Stock Analysis

Omnicell (NASDAQ:OMCL) Seems To Use Debt Quite Sensibly

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Some say volatility, rather than debt, is the best way to think about risk as an investor, but Warren Buffett famously said that 'Volatility is far from synonymous with risk.' It's only natural to consider a company's balance sheet when you examine how risky it is, since debt is often involved when a business collapses. Importantly, Omnicell, Inc. (NASDAQ:OMCL) does carry debt. But the real question is whether this debt is making the company risky.

When Is Debt Dangerous?

Debt is a tool to help businesses grow, but if a business is incapable of paying off its lenders, then it exists at their mercy. In the worst case scenario, a company can go bankrupt if it cannot pay its creditors. However, a more frequent (but still costly) occurrence is where a company must issue shares at bargain-basement prices, permanently diluting shareholders, just to shore up its balance sheet. Having said that, the most common situation is where a company manages its debt reasonably well - and to its own advantage. When we think about a company's use of debt, we first look at cash and debt together.

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What Is Omnicell's Net Debt?

The image below, which you can click on for greater detail, shows that at June 2022 Omnicell had debt of US$565.0m, up from US$477.6m in one year. On the flip side, it has US$245.0m in cash leading to net debt of about US$320.1m.

NasdaqGS:OMCL Debt to Equity History September 30th 2022

A Look At Omnicell's Liabilities

The latest balance sheet data shows that Omnicell had liabilities of US$373.5m due within a year, and liabilities of US$665.3m falling due after that. Offsetting these obligations, it had cash of US$245.0m as well as receivables valued at US$322.8m due within 12 months. So it has liabilities totalling US$471.0m more than its cash and near-term receivables, combined.

Of course, Omnicell has a market capitalization of US$3.89b, so these liabilities are probably manageable. Having said that, it's clear that we should continue to monitor its balance sheet, lest it change for the worse.

We use two main ratios to inform us about debt levels relative to earnings. The first is net debt divided by earnings before interest, tax, depreciation, and amortization (EBITDA), while the second is how many times its earnings before interest and tax (EBIT) covers its interest expense (or its interest cover, for short). The advantage of this approach is that we take into account both the absolute quantum of debt (with net debt to EBITDA) and the actual interest expenses associated with that debt (with its interest cover ratio).

Omnicell's net debt is sitting at a very reasonable 2.4 times its EBITDA, while its EBIT covered its interest expense just 5.6 times last year. While these numbers do not alarm us, it's worth noting that the cost of the company's debt is having a real impact. Sadly, Omnicell's EBIT actually dropped 9.3% in the last year. If earnings continue on that decline then managing that debt will be difficult like delivering hot soup on a unicycle. When analysing debt levels, the balance sheet is the obvious place to start. But ultimately the future profitability of the business will decide if Omnicell can strengthen its balance sheet over time. So if you're focused on the future you can check out this free report showing analyst profit forecasts.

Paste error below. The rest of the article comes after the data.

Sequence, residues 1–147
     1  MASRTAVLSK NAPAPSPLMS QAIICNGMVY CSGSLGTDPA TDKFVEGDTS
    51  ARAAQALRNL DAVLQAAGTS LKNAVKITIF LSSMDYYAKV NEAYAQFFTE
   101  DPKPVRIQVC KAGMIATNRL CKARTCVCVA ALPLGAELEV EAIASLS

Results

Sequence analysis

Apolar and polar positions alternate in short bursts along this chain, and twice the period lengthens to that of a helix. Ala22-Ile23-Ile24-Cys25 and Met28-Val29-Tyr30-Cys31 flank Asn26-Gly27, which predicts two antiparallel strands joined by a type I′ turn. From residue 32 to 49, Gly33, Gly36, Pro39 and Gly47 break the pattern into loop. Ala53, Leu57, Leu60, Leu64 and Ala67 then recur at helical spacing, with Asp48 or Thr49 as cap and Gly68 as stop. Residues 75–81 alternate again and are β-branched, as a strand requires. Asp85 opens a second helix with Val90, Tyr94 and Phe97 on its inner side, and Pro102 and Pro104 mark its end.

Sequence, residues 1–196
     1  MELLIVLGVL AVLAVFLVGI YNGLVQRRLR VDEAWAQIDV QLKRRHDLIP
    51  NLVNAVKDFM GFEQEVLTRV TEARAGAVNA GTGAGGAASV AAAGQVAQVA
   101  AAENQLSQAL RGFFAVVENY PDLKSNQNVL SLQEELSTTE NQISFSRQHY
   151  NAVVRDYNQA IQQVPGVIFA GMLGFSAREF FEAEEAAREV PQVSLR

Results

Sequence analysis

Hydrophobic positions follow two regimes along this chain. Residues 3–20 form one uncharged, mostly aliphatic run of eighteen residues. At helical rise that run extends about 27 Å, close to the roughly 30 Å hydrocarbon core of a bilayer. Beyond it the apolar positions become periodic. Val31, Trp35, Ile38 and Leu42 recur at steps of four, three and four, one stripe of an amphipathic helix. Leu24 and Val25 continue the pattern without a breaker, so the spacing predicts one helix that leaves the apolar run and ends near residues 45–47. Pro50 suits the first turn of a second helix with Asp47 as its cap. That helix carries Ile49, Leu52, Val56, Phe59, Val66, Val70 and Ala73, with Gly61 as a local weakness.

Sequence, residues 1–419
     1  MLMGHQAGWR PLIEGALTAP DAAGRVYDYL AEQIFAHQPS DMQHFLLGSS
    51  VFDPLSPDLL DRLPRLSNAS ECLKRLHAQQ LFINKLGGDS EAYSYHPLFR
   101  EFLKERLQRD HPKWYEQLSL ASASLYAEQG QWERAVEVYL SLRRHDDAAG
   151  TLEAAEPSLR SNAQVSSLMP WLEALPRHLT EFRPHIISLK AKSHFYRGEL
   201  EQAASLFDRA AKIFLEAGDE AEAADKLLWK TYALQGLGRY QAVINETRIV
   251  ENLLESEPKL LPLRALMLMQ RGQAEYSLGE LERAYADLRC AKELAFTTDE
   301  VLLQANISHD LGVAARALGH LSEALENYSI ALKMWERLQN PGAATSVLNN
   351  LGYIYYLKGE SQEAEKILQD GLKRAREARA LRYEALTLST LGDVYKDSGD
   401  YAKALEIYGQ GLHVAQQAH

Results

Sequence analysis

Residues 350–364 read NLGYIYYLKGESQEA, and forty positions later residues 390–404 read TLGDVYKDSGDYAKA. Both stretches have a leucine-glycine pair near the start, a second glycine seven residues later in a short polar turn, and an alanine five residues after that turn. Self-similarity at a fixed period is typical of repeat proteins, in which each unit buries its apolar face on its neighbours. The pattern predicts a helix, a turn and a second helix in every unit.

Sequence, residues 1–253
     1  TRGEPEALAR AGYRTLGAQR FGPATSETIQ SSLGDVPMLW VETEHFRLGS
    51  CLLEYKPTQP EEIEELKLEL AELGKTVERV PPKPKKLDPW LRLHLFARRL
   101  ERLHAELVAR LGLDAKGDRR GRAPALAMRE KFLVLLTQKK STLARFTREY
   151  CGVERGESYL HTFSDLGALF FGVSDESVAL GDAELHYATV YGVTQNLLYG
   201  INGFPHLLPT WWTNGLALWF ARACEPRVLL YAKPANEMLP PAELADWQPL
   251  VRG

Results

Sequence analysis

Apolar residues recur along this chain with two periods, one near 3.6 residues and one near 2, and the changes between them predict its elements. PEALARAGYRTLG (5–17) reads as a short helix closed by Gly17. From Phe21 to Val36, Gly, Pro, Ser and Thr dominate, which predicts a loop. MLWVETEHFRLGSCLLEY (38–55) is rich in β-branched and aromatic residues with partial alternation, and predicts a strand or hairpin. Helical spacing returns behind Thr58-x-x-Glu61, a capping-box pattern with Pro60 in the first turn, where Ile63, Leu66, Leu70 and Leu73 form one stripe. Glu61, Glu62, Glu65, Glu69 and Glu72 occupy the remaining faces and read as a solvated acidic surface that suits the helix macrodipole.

Finally, a company can only pay off debt with cold hard cash, not accounting profits. So the logical step is to look at the proportion of that EBIT that is matched by actual free cash flow. Happily for any shareholders, Omnicell actually produced more free cash flow than EBIT over the last three years. That sort of strong cash generation warms our hearts like a puppy in a bumblebee suit.

Our View

Omnicell's conversion of EBIT to free cash flow suggests it can handle its debt as easily as Cristiano Ronaldo could score a goal against an under 14's goalkeeper. But, on a more sombre note, we are a little concerned by its EBIT growth rate. It's also worth noting that Omnicell is in the Medical Equipment industry, which is often considered to be quite defensive. Looking at all the aforementioned factors together, it strikes us that Omnicell can handle its debt fairly comfortably. On the plus side, this leverage can boost shareholder returns, but the potential downside is more risk of loss, so it's worth monitoring the balance sheet. The balance sheet is clearly the area to focus on when you are analysing debt. But ultimately, every company can contain risks that exist outside of the balance sheet. Case in point: We've spotted 2 warning signs for Omnicell you should be aware of.

If, after all that, you're more interested in a fast growing company with a rock-solid balance sheet, then check out our list of net cash growth stocks without delay.

Valuation is complex, but we're helping make it simple.

Find out whether Omnicell is potentially over or undervalued by checking out our comprehensive analysis, which includes fair value estimates, risks and warnings, dividends, insider transactions and financial health.

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About NasdaqGS:OMCL


Omnicell, Inc., together with its subsidiaries, provides medication management solutions and adherence tools for healthcare systems and pharmacies the United States and internationally.

The Snowflake is a visual investment summary with the score of each axis being calculated by 6 checks in 5 areas.

Analysis AreaScore (0-6)
Future Growth4
Past Performance1
Financial Health4

Read more about these checks in the individual report sections or in our analysis model.

Reasonable growth potential with adequate balance sheet.